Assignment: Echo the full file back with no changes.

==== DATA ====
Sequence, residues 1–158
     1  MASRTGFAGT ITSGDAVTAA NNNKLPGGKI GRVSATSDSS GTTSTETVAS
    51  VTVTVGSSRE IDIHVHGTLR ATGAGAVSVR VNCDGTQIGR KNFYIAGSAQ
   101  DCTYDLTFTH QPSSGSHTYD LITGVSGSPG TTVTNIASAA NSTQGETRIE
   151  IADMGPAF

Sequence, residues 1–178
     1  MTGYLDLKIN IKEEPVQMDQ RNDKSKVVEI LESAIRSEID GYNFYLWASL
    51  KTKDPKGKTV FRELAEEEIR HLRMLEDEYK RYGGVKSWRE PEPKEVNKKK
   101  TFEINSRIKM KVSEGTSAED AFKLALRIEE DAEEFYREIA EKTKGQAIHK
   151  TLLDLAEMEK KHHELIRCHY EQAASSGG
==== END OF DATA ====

Sequence, residues 1–158
     1  MASRTGFAGT ITSGDAVTAA NNNKLPGGKI GRVSATSDSS GTTSTETVAS
    51  VTVTVGSSRE IDIHVHGTLR ATGAGAVSVR VNCDGTQIGR KNFYIAGSAQ
   101  DCTYDLTFTH QPSSGSHTYD LITGVSGSPG TTVTNIASAA NSTQGETRIE
   151  IADMGPAF

Sequence, residues 1–178
     1  MTGYLDLKIN IKEEPVQMDQ RNDKSKVVEI LESAIRSEID GYNFYLWASL
    51  KTKDPKGKTV FRELAEEEIR HLRMLEDEYK RYGGVKSWRE PEPKEVNKKK
   101  TFEINSRIKM KVSEGTSAED AFKLALRIEE DAEEFYREIA EKTKGQAIHK
   151  TLLDLAEMEK KHHELIRCHY EQAASSGG